Legislators will not enjoy hefty house allowances after the High Court on Friday directed that the perks be suspended until a case challenging them is determined.
Lady Justice Pauline Nyamweya, Justice Weldon Korir and Justice John Mativo directed the Parliamentary Service Commission (PSC) not to release any house allowance to the 416 legislators in both the Senate and National Assembly.
“The status quo will remain in force pending determination of the petition. This means that the orders earlier issued stopping PSC from paying housing allowance to MPs are still in force,” ruled Justice Nyamweya.
The judges also directed that two petitions challenging the MPs allowances filed by Salaries and Remuneration Commission and activist Okiya Omtata be consolidated.
The legislators in April secretly awarded themselves Sh250,000 monthly house allowance after the SRC rejected a request by PSC to effect the payments.
The MPs also got Sh2.25 million backdated to October last year.
But SRC and Omtata argued that the PSC’s decision to set, approve and pay housing allowance to MPs was outside the constitutional structure of remuneration and benefits of all state officers, and should be declared illegal.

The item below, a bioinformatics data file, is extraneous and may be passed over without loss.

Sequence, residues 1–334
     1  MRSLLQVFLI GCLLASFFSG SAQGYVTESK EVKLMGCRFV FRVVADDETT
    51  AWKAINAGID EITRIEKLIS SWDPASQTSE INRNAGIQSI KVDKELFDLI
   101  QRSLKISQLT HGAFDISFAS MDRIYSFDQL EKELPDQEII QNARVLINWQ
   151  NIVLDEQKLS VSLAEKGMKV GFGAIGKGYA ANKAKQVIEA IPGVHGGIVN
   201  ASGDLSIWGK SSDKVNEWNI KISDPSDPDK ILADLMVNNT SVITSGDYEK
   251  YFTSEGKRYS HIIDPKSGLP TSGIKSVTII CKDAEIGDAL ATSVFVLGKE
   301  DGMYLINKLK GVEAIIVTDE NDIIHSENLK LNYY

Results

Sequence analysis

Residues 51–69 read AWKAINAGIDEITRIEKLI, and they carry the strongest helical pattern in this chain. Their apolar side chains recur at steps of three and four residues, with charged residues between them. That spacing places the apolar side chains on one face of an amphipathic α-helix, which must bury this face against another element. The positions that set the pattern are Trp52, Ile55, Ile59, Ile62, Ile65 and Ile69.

The commission claimed that PSC requested for approval for the house allowance in January but the request was declined on grounds that the legislators enjoy other perks including mortgage to purchase houses.
“SRC was clear that the request was unmerited, and that it any event, they had set additional benefits to MPs in form of mortgages at affordable interest rates to buy houses as a means to address their accommodation needs,” said SRC lawyer Peter Wanyama.
Mr Wanyama told the court the commission was surprised when PSC decided to go against their advice to pay MPs the hefty house allowances when it is not sustainable in the current economic challenges the country is facing.
He stated that MPs cannot currently benefit from a separate payment of house allowances because their pay in already consolidated to factor in other numerous allowances and benefits paid from public coffers.
The commission maintained that MPs are state officers and cannot earn additional income without their approval and that the PSC’s decision to pay the house allowances was illegal, null and void.
He stated that PSC does not have the powers to set salaries and allowances for MPs, and that the decision to pay the house allowances was an abuse to the public who are already burdened in shouldering the MPs huge salaries.
However, the MPs in their response to the suit claim that the house allowance was justified to conform with other state officers who enjoy similar parks.